13-01-2021 | | By Robin Mitchell
Now that multiple COVID-19 vaccines are being approved for use worldwide, safe transportation of the vaccine couldn’t be any more important. How are IoT sensors important for vaccines, disposable IoT sensors, and how could they help improve transportation in the future?
The arrival of the COVID vaccine from various companies has been greeted with applause and cheers; the world can finally start to fight against COVID instead of hiding from it. Pharmaceuticals are arguably one of the hardest products to move due to strict environmental conditions. It is not uncommon to see certain medicines require temperatures of -20°C, and temperature fluctuations of a few degrees can damage such products.
It cannot go understated for something like COVID vaccines how important it is for the vaccine to be delivered properly. The Pfizer BioNTech vaccine requires a temperature of -70°C when in transit (dry ice is used to keep the vaccine cool), and maintaining such a temperature can be tricky. Therefore, the transportation of such an important vaccine requires constant monitoring.
IoT devices are ideal for use with the transportation of such products for a whole host of reasons. The IoT devices can monitor and log the temperature, which ensures that products are kept at a specific temperature and can also detect fluctuations. Furthermore, the use of an internet connection allows for remote monitoring, and thus shipments can be lived tracked. If tied with alert systems, IoT devices can provide pre-emptive actions by logistic workers to ensure the transported product's integrity.
Using IoT devices to track and monitor shipments has some major advantages, but it also comes with several downsides; power, connection, and cost.
IoT devices embedded into packages and shipments require power, but the nature of packages is mobile. Therefore, any power used by the IoT device needs to be portable (i.e. a battery), making power conservation a critical factor. Since IoT devices often utilise wireless connections, and wireless connections are extremely power demanding, data transmission would be severely limited.
The need for an internet connection to allow remote monitoring is another problem faced with devices on the move. While goods shipped on land can take advantage of mobile networks, those at sea or in the air may have little to no connection at all. The mode of transport may have its own internet connection, but this connection may not be shared with any devices in transit. Therefore, devices on the go are often in the dark.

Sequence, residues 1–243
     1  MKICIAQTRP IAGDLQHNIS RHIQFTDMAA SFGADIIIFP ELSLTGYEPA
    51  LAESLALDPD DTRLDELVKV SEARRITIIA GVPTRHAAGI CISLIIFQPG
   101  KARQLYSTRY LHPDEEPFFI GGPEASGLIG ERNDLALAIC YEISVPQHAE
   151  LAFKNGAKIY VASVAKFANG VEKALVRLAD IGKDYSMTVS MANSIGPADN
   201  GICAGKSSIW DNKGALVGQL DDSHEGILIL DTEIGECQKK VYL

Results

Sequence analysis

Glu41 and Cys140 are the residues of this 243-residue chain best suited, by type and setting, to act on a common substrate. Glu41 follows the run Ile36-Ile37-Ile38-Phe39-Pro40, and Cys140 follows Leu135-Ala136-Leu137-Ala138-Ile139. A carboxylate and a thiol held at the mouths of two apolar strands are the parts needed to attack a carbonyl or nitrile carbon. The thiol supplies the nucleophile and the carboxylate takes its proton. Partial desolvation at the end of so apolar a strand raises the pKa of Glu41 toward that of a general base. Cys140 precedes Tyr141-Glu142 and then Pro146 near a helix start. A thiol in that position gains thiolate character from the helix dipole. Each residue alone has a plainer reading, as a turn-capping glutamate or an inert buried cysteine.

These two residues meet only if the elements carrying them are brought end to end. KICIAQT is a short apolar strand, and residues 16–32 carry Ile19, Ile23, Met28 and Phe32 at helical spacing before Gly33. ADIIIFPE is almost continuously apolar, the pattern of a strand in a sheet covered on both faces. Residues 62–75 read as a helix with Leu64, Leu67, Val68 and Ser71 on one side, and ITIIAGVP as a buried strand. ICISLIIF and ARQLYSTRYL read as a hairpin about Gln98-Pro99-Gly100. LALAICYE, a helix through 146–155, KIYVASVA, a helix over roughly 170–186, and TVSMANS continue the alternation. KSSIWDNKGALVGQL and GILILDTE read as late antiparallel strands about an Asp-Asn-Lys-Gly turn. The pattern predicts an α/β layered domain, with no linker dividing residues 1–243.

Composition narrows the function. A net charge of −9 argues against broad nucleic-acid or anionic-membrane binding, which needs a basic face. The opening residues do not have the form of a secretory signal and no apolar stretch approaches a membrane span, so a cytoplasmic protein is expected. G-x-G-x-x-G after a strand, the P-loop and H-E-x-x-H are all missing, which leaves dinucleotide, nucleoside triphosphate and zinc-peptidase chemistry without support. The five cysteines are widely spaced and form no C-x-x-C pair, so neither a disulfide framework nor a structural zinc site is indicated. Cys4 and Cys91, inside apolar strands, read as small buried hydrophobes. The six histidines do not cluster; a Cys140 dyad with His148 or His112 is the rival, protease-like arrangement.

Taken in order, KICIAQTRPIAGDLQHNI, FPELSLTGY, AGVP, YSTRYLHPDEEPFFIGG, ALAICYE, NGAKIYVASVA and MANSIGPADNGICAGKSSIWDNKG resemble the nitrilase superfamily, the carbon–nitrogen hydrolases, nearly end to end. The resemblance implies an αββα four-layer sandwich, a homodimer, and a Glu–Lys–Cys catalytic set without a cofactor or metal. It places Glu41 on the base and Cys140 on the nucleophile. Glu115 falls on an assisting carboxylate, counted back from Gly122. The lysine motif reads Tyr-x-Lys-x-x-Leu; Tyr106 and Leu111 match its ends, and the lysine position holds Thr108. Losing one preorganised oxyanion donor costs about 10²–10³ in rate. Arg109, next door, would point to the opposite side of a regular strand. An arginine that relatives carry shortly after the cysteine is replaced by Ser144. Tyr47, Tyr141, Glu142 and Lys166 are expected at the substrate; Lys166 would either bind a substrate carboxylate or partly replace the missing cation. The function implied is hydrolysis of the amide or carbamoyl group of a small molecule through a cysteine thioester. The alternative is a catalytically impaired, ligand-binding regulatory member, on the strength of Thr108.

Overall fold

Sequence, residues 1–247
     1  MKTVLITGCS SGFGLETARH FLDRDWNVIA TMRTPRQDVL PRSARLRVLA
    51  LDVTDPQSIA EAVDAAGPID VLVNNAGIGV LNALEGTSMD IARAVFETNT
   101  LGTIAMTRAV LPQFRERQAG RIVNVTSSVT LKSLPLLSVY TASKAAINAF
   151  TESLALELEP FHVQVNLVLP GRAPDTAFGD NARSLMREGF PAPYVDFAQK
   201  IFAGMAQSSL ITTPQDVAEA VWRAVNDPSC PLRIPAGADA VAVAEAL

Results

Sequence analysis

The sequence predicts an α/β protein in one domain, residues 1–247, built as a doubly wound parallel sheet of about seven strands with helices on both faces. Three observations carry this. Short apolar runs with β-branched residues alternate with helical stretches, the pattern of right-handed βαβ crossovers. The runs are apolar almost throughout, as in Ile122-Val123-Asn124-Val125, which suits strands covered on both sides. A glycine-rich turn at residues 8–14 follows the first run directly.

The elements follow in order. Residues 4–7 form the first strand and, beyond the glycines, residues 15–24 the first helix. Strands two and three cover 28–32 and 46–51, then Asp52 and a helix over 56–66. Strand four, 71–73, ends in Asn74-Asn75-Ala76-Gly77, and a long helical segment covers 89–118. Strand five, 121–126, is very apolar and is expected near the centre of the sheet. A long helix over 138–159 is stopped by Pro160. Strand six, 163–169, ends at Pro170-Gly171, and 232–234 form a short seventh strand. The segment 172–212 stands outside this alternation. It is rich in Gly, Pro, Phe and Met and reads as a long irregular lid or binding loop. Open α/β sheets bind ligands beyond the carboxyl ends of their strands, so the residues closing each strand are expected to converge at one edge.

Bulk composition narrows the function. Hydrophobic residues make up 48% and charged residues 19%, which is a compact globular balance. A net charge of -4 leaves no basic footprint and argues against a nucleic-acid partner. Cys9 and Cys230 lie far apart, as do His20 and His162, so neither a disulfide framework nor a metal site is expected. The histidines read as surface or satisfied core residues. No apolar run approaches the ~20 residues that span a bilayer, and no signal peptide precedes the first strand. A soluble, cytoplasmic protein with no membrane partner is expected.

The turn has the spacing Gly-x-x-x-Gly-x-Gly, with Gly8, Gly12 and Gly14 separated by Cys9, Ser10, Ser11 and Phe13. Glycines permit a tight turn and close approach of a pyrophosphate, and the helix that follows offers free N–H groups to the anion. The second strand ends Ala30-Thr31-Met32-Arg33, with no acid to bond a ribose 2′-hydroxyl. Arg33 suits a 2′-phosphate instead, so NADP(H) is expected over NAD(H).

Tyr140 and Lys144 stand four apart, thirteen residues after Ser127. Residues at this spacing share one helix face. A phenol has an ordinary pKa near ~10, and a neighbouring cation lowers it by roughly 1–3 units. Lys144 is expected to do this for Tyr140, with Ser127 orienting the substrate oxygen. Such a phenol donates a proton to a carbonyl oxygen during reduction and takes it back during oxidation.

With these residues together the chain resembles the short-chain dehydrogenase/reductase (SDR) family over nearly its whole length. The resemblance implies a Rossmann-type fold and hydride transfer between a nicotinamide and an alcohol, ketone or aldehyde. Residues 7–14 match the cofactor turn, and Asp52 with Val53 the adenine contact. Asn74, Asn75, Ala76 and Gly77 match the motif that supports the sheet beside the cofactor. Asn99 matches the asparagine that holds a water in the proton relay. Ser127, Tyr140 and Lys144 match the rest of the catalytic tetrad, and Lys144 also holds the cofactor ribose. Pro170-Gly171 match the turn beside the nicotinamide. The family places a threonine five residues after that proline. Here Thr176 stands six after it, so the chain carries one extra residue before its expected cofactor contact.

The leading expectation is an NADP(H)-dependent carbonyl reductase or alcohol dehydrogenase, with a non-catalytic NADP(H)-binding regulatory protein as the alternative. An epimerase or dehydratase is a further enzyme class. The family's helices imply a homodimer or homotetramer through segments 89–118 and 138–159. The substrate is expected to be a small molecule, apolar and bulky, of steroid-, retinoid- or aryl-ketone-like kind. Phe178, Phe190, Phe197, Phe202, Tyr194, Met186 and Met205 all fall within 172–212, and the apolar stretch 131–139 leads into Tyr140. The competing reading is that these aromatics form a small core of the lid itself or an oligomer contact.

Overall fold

The cost of electronics continues to fall, and the capabilities of even the most basic IoT devices dwarfs computers from a decade previously. However, when shipping millions of products, attaching IoT devices to each product still adds up to a very high cost.
When considering the three challenges (power, connection, and cost), several modern solutions could be deployed today to create IoT devices with asset tracking in mind.
Regarding power, the best solution for designers is to utilise low-energy cores (such as ARM nanowatt) and cycle their devices. Thus, instead of constantly running, IoT devices spend most of their time asleep, wake up to take readings, connect to a remote network, and then sleep again. Furthermore, energy harvesters could be used to charge IoT devices during sleep modes, and this energy could be thermal, solar, or vibration.
Connecting IoT devices to networks in remote locations is a challenge as there needs to be an accessible wireless network with internet connectivity. Of all options currently existing, satellite internet (such as StarLink), provides the best option. However, the need for a high-gain antenna would mean that transportation would need to host a local network (similar to free Wi-Fi often found on buses).
Cost is one of the hardest challenges to solve, but the gradual development of extremely low-cost disposable electronics could be the answer. NFC chips are already widely used in the disposable electronics industry whereby they can be stuck to clothing or other packages and provide basic metadata. However, the real challenge would be to provide power to such devices using energy harvesting techniques demonstrated with the Wiliot. Such devices could allow individual packages to be tracked as opposed to individual crates, thus enabling individual products to be tracked.